In “Private Life,” writer-director Tamara Jenkins’ long-gestating third feature, a couple (Kathryn Hahn as Rachel and Paul Giamatti as Richard) sees its marriage tested by the trial of assisted reproduction. It’s a sometimes-uncomfortably intimate peek into a closed-door cycle of hopes and pills and needles — and the damage done. And it’s a comedy, more or less.
“What’s so moving to me is it isn’t really about the baby,” says Hahn. “I never really pictured a little pink newborn, never smelled the baby powder, never saw the crib in my mind. And that was, like, the saddest thing to me. It was about this journey they were on together, ‘The Baby Project.’ ”
The 40-somethings are in the slow-motion act of realizing their dream of being parents might not be attainable after all.
“All of a sudden, there’s a shadow. The sunset is starting to happen,” says the actress, seated beside Jenkins.
“It’s a bummer that our chief money-making years kind of line up with our most fertile. We can freeze our eggs, all these medical options that are available to us, and it doesn’t guarantee anything and it costs a ton of money,” Hahn says, with a quiet laugh. “And no one is there to say, ‘Stop,’ so you get on this roller coaster with no ending.”
Giamatti has pointed out similarities of the story to the non-resolution of Samuel Beckett’s “Waiting for Godot”: Even if the couple should get “the thing,” it’s ultimately “not the thing” — life goes on, the wheels keep turning. In the meantime, they wait and suffer.
Jenkins says, “It consumes them. Infertility threatens marriages in an intense way, and it undoes people. It seemed like a good way to study human behavior.”
Jenkins’ previous studies of human behavior, the acclaimed “Slums of Beverly Hills” (1998) and “The Savages” (2007), both drew on her experiences. “Private Life,” too, had its seeds in her life, having gone through the process herself. She points out “stories about couples struggling to conceive are ancient. It’s in the Bible. Edward Albee wrote the most amazing one, called ‘Who’s Afraid of Virginia Woolf?’ But the advent of artificial reproduction technology makes it different.”
Hahn’s Rachel is complex: intelligent, desperate, unreasonable, compassionate. It was a role the actress desperately wanted (she says, on visiting Jenkins’ office, she tried to get her “scent all over”). Casual observers might not see her as a slam dunk for such a demanding role, associating her with extreme comic turns in the likes of “Anchorman,” “Bad Moms” and “Bad Words.”
“I sort of saw her upside-down,” says Jenkins. “I watched ‘Transparent,’ and I hadn’t seen the big comedies. I thought her performance in ‘Transparent’ was beautiful. So then I went from her very naturalistic, still kind of performance to the wild and unhinged stuff.”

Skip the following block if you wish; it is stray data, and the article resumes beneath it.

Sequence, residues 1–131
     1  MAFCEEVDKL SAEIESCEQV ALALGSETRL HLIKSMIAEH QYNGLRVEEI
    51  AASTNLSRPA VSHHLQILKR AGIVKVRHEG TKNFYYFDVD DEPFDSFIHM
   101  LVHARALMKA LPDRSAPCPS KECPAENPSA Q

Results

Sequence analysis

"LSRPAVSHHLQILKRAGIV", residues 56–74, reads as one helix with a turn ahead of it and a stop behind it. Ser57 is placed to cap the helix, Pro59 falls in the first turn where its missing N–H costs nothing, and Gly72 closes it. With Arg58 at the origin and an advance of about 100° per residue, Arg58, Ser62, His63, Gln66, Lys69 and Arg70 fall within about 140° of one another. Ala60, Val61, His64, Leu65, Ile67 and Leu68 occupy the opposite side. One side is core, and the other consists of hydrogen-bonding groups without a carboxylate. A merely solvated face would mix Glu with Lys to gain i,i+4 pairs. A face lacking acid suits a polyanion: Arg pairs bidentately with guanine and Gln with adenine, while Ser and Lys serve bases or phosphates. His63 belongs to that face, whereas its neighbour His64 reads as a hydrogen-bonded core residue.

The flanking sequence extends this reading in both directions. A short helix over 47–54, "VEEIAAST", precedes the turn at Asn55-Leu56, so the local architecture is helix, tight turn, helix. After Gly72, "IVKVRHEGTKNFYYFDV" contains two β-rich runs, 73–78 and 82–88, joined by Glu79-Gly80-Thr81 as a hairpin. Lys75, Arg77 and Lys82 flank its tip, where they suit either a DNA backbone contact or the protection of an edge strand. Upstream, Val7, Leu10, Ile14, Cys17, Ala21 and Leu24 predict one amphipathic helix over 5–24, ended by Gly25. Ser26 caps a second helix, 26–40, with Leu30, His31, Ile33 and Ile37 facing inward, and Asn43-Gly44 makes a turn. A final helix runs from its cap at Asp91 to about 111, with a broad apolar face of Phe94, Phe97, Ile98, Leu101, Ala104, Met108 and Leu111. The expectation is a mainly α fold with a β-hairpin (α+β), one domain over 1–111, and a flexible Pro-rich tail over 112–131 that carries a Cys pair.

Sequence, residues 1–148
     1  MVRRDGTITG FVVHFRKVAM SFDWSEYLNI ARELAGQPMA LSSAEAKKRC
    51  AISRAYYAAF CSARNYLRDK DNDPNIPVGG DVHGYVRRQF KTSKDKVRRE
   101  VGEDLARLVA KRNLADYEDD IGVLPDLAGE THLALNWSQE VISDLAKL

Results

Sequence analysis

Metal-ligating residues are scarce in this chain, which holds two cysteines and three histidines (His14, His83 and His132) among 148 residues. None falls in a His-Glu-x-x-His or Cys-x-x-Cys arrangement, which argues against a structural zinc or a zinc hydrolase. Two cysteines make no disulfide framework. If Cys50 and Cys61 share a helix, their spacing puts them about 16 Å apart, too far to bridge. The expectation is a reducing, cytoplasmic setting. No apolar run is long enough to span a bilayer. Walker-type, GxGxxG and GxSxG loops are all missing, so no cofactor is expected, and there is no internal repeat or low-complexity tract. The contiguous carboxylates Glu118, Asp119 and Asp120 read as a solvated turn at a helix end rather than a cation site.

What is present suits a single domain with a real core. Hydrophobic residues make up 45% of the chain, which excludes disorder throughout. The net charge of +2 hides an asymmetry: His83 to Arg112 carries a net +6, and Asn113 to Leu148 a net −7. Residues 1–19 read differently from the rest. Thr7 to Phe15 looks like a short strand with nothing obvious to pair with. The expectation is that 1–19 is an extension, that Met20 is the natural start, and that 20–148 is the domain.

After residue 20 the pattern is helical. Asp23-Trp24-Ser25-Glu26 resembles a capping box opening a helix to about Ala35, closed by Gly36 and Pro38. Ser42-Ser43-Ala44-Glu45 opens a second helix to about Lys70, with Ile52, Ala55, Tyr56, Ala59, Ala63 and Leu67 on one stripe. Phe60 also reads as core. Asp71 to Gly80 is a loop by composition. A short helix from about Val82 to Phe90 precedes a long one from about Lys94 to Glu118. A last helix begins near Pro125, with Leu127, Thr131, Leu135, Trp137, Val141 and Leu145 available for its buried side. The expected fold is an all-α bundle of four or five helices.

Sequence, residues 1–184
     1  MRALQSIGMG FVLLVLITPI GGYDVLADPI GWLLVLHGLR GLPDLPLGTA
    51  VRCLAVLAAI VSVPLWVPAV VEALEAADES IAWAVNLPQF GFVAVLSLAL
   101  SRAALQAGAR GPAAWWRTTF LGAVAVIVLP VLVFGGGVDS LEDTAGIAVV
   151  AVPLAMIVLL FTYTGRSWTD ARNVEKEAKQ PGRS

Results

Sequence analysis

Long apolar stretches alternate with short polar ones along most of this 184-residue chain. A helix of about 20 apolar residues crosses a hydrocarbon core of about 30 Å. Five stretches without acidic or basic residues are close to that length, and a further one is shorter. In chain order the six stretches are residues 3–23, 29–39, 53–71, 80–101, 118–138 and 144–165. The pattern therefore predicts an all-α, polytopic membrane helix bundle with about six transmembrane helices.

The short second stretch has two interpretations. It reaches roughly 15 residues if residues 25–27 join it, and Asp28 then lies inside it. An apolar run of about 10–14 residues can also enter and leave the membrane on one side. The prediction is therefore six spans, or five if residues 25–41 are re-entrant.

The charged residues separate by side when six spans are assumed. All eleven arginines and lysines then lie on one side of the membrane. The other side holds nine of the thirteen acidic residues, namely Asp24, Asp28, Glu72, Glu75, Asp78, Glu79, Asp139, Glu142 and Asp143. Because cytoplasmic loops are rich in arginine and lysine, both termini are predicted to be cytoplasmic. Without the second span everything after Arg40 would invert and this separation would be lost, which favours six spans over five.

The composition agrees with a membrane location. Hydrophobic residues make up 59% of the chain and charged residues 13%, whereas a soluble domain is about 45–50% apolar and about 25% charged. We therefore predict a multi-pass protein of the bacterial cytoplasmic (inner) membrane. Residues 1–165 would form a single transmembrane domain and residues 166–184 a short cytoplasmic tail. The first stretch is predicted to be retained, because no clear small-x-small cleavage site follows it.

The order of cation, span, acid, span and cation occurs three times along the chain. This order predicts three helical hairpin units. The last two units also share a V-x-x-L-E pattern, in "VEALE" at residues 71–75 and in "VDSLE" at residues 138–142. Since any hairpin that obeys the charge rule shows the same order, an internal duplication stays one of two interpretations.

Hahn asks, “The Chrysler commercials?”
“The crazy Chrysler commercial,” Jenkins acknowledges. “I like comic actors. I’m attracted to actors who can straddle — I always call it the ‘shimmer’ the shimmer between comedy and drama. There’s a shaky in-between place. That’s where Kathryn lives, and Paul lives. I don’t know how conscious it is. It’s a point of view. I felt like her point of view as a human being matched the material, also.”
The plot involves the couple enlisting a step-relative in the process, but Hahn and Giamatti’s relationship is the movie. Saying it’s weird to talk about Rachel without Giamatti, Hahn pulls up an empty chair for the not-present actor.
Their joint performance has a kind of “lived-in” quality that fits right in with their cluttered New York apartment set, its objects taken from the homes of the director and set designer. Many such details came from Jenkins’ experience.
“The Poland Spring bottle they turn into the receptacle … It had to be that jerry-rigged sharps container, and there had to be a bunch of needles in it.” Her personal story was different, but she “knew the terrain very well and the emotional core of it.
“I started there, but then it blooms, it takes on a life of its own and becomes invention. I got things from friends, but I definitely had my husband inject intramuscular needles into my ass,” she says, laughing, in reference to the opening scene.
She says the specificity of the film’s world allowed her to skip exposition.
“You’re dropped into the middle of the story. Like ‘Dog Day Afternoon.’ You’re not spoon-fed, ‘Oh, my boyfriend needs a sex-change operation.’ You’re wondering what’s driving them. They certainly don’t know how to rob a bank. You’re catching up, you’re tossed in the swirl of it. I kept saying, ‘This is a bank robbery, but it’s IVF!’ ”
Hahn grins and laughs with a quiet snort: “If you like ‘Dog Day Afternoon’ and you like Beckett …”